Wednesday (16 February) after the riggers had left, Lester and Helen came by for a coffee so that gave us a welcome break and it was nice to see them. Richard then rubbed down the antifoul – as it is ablative paint there was a constant stream of blue-tinged water running everywhere – so whilst he was busy I was armed with the fire hose to move all the excess water towards the drains as we didn’t want to leave a mess on the new concrete floor. Later on, when I had finished the blog and Richard had prepped the hull, we washed the mainsail so that it had the night to dry off.
Thursday morning we were both up really early and applied Sailcote to the main (which makes it slide easier inside the furling mechanism). The rigger came by (at 7 am) and helped us reinstate the sail – but the furling mechanism was very tight and stiff – not good at all! So we pulled the sail out and did it again and checked that all the vertical battens were going in straight into the mast and, yes they were. Puzzled by this, especially having just had the whole mast serviced whilst the rigging was being replaced (and having serviced the sail ourselves), we spoke to the rigger who said that when the boat was back floating and the final rigging tensions had been set properly (we have the specifications to hand) then he was confident it would be fine. We weren’t sure whether this was true but having done some further research on the worm drive furling mechanism, we have found that this could well be the case. So we’ll have to wait until we’ve splashed to get this sorted out. Sigh….
Richard then started applying primer to the most worn spots on the antifoul whilst I got on with sanding down and applying the first coat of varnish to some interior cupboards / drawers / external fuel jug boards that needed some attention.
After a break to let the primer dry Richard then continued to work hard and managed to apply the first coat of antifoul to the whole boat. Phew!
In the evening Ernest came over for dinner with us (in the liveaboard BBQ area), so was nice to catch up with him again. The cruisers had organised a movie night in this area so we started watching – the new James Bond – but none of us were that enamoured so we left and returned to Morphie so that we could chat. Was a really nice evening.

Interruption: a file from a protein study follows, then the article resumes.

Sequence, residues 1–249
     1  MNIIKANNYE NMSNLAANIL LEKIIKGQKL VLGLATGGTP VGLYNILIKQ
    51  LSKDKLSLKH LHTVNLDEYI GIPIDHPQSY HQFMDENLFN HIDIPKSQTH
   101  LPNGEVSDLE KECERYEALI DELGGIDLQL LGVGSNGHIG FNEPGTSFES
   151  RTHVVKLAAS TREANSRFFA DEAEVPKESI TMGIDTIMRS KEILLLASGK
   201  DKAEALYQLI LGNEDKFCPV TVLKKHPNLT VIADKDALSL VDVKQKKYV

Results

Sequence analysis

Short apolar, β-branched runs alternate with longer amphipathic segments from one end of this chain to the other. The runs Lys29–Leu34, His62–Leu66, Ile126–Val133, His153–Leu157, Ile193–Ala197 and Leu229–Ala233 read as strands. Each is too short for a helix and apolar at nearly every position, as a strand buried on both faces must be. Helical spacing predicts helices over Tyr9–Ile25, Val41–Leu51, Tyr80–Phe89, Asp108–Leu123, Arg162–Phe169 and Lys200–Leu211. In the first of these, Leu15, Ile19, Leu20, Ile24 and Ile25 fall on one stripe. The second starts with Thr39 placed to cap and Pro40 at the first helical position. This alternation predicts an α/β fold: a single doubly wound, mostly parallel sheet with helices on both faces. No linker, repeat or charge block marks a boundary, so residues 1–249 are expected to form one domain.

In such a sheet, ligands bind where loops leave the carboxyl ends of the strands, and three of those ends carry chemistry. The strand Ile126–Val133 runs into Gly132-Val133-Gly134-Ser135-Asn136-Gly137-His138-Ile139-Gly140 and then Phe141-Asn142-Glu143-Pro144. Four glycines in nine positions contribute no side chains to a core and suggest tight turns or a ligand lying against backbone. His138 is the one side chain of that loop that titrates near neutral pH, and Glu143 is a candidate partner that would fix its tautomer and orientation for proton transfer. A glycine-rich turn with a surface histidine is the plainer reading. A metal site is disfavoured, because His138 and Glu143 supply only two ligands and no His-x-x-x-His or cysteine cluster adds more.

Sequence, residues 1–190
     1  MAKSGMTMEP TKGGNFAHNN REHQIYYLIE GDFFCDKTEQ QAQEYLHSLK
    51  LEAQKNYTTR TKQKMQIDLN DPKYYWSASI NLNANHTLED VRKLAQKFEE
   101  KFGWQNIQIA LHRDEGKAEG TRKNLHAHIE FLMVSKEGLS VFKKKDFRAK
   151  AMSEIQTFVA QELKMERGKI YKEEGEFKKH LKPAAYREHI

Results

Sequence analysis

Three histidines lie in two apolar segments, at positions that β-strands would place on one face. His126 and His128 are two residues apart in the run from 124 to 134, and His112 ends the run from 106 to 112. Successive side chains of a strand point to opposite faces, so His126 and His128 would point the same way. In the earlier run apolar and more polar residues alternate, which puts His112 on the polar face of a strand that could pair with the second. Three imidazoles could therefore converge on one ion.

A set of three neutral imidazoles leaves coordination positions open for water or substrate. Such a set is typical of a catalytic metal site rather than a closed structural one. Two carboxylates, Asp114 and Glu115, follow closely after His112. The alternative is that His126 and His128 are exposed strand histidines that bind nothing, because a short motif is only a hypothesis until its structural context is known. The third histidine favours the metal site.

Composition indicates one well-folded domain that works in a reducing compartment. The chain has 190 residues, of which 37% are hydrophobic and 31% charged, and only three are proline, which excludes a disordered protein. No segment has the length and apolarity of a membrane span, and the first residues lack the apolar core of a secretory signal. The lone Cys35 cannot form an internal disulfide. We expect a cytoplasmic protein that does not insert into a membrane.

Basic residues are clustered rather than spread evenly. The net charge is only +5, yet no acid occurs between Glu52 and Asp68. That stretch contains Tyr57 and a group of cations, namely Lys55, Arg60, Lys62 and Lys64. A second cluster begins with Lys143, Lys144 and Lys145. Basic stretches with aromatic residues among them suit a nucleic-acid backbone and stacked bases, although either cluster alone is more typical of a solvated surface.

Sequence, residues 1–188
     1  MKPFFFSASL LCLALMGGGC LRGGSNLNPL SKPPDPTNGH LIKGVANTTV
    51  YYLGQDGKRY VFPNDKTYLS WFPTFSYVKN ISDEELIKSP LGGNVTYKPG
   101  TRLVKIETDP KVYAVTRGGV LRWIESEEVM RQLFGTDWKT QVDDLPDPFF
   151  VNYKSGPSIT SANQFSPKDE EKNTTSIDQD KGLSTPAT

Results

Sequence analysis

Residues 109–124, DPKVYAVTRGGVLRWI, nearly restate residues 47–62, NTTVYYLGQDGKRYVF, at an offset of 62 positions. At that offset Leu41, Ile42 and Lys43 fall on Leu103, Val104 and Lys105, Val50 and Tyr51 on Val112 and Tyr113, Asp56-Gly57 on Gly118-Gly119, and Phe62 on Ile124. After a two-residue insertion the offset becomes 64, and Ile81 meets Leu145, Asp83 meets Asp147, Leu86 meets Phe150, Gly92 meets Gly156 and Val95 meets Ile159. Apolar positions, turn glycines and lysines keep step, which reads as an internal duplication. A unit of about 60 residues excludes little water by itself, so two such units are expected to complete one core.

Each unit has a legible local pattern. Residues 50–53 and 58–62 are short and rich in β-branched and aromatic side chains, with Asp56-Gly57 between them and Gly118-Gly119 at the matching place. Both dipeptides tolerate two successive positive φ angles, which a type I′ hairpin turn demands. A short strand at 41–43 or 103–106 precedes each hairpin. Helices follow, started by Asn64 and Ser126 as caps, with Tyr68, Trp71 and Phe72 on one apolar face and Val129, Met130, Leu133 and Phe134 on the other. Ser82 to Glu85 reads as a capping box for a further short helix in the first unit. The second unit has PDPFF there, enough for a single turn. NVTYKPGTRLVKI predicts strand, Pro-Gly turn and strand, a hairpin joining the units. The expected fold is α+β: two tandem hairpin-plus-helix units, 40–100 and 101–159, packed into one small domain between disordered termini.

Friday morning I sanded down and applied the second coat of varnish to the cupboards and drawers while Richard applied the second coat of antifoul.
Once the varnish was dry I put the locks back on etc and reinstated these on Morphie. I then started on our cabin floor – there were three planks of wood where the varnish had been damaged by a bug spray – so I taped up, sanded them down and then gave them a coat of varnish. By the time I had finished Richard had almost completed the antifoul.
So we got ourselves cleaned up, collected our courtesy UTE at 4pm, and headed over to Hope Island to see Sandra and Nigel. At this point the thunderstorms were rolling in so we were grateful that Morphie was parked next to a huge catamaran on the hard LOL.
Sandra and Nigel had kindly offered to let us stay over at their apartment whilst we were doing the interior varnishing so we didn’t have to sleep down below with the varnish fumes. We got ourselves settled in, had a few glasses of wine on the balcony before then retiring indoors for our dinner escaping from the torrential rain. Was a really nice evening and we had great fun – in fact it turned into a bit of a late night, not turning in until the early hours of Saturday morning! Outrageous behaviour LOL.
Saturday morning we headed back to Morphie after a leisurely start. I sanded down the floor again along with some other interior surfaces and then applied the varnish. Whilst I was doing this Richard was working on the refrigeration and earth plates under the hull in preparation for splashing on Monday.
Job done we then packed up and headed back early to Hope Island – we had planned to spend some time in the pool. Sadly the rain continued sporadically throughout the day so that wasn’t such an attractive option but, never mind, we had another lovely dinner and evening. Although this time the physical hard work of the last few weeks kicked in so we ended up having quite an early night!
Sunday morning we had a leisurely breakfast and headed out to have a look around the beautiful grounds of this apartment complex which overlooks Hope Harbour Marina. We then headed to the pool for a few hours which was lovely and warm and I enjoyed bobbing in the shallows…. Had been a long time! Sadly we then had to bid Sandra and Nigel farewell and thanked them for their great hospitality and returned to Morphie.